Ravine work brings hope for shorelines
By Andrew Schroedter
Illinois Pioneer Press
Officials say the completion of a ravine stabilization
project near the Glencoe Beach will lead to less sediment
run-off into Lake Michigan, where high levels of bacteria
and other pollutants have been a growing concern in past
The project, touted as the first of its kind in the area,
will hopefully lead to an increased awareness about the
threat that erosion poses to the lake, said state Sen.
Susan Garrett, D-29th.
"What we're trying to do is restore the shoreline,"
"By restoring it, it really effects the water quality.
When the ravines come apart, more storm water comes into
the lake and sewers and causes serious problems."
The origin of most natural ravines in the area are similar
to the one under construction at 81 Lakewood Drive in
that they were carved out of the soft earth by melting
glaciers more than a thousand years ago.
But fast forward to today and the idyllic image that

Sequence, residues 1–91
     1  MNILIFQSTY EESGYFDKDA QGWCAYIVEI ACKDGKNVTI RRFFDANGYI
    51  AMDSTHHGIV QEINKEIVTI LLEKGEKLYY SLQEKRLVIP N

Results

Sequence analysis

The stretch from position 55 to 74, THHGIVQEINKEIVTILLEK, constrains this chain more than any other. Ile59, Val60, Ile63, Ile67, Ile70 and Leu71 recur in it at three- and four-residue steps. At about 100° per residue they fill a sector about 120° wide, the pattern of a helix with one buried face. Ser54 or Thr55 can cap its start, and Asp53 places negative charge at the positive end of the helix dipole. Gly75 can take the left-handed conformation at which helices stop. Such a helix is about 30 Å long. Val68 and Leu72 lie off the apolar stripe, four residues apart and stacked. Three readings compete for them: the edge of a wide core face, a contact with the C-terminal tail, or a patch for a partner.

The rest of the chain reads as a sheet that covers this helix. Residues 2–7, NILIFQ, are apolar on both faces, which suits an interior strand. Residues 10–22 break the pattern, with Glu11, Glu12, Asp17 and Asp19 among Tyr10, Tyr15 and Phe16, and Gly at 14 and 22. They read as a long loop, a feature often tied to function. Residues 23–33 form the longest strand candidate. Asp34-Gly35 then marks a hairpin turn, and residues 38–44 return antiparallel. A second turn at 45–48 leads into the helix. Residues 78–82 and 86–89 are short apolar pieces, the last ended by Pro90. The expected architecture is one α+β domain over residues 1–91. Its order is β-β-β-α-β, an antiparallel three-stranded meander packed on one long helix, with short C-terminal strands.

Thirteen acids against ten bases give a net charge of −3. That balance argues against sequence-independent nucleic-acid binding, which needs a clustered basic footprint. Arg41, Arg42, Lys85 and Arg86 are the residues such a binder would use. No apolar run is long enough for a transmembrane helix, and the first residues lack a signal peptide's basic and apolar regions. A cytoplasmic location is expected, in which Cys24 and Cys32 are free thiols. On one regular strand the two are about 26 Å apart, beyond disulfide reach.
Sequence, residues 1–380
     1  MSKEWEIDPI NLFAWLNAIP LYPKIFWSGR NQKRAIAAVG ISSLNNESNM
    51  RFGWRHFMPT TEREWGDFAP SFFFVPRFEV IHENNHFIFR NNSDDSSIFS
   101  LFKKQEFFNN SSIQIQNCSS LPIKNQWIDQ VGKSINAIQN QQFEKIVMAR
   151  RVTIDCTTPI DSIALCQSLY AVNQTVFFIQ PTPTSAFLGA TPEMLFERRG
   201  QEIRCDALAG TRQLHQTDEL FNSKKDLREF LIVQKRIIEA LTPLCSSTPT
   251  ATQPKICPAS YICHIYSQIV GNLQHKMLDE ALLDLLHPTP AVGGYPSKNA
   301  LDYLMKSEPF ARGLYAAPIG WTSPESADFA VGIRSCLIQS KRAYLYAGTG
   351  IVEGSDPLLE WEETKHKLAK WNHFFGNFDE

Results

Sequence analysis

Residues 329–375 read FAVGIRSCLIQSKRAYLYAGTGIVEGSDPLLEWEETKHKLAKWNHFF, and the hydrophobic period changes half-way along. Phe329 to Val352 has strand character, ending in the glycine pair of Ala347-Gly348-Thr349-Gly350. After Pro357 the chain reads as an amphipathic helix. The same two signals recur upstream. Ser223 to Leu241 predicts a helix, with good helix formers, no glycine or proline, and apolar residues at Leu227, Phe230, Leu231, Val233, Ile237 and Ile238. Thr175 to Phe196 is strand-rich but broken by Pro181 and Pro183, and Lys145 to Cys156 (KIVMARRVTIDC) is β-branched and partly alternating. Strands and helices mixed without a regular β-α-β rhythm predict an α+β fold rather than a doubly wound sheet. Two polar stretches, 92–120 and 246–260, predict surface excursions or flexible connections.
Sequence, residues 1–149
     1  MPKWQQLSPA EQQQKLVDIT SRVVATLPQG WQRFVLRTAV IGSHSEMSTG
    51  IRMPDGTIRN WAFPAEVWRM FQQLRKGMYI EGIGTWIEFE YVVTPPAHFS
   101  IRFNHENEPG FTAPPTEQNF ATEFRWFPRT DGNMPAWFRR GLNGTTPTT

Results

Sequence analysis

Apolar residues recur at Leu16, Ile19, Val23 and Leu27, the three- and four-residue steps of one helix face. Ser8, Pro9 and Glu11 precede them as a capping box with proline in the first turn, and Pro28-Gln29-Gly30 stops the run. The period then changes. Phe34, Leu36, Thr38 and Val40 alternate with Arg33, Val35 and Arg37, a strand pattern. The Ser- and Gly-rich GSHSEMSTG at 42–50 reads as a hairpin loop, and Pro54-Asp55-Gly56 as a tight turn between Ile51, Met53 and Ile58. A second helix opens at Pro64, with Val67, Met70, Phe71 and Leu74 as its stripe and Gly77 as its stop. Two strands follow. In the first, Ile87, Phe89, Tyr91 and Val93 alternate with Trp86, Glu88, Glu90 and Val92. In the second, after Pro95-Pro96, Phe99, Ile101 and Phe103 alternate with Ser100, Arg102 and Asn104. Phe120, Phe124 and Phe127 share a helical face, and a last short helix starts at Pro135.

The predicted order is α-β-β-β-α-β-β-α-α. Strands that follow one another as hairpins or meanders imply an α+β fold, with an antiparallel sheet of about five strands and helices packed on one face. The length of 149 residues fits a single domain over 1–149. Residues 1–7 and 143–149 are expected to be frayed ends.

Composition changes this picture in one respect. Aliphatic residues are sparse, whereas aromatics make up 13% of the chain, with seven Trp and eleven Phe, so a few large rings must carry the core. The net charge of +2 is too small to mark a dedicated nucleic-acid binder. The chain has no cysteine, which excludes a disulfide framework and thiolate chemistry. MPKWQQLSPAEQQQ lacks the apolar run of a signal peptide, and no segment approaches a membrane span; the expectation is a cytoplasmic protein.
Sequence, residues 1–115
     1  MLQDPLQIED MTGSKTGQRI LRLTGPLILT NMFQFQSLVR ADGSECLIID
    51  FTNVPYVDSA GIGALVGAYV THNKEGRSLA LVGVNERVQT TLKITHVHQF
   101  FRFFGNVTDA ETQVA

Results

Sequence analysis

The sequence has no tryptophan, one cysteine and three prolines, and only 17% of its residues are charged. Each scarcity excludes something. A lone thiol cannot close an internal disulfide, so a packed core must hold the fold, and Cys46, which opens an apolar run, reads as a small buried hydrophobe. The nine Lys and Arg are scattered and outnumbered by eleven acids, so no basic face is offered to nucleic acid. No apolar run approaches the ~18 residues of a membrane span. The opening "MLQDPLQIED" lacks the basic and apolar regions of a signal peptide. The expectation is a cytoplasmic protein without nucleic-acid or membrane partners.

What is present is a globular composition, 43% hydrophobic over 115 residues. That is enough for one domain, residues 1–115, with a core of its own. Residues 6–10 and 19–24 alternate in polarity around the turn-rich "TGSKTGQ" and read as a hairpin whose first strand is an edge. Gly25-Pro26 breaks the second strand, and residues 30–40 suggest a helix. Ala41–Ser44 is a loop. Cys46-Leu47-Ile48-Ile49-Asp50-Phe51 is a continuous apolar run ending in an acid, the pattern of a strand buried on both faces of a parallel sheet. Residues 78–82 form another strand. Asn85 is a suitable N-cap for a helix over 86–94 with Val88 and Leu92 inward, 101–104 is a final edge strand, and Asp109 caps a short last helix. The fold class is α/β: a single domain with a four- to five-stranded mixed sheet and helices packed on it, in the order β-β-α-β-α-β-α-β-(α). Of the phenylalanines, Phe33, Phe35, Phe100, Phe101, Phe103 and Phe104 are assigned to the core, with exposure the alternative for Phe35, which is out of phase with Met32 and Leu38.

comes to mind of water purling through the ravine's gentle
nooks and crannies is in serious jeopardy.
The result has been an environmental nightmare, Garrett
said, as more and more area beaches close during the summer
months for days or weeks at a time because of high levels
of E-coli bacteria and other pollutants in the water.
Erosion of the ravines are not the only source, but officials
believe that stabilizing its banks will reduce run-off,
known to carry high levels of pollution.
Shabica & Associates Inc., a Northfield-based coastal
consulting firm, have already begun working at the Glencoe
ravine near Lakewood Drive and hopes to have 75 feet of
its banks shored up in about two weeks.
Funding for the project was made possible through a $33,000
grant from the Michigan-based Great Lakes Commission,
and Garrett says she hopes more area restoration projects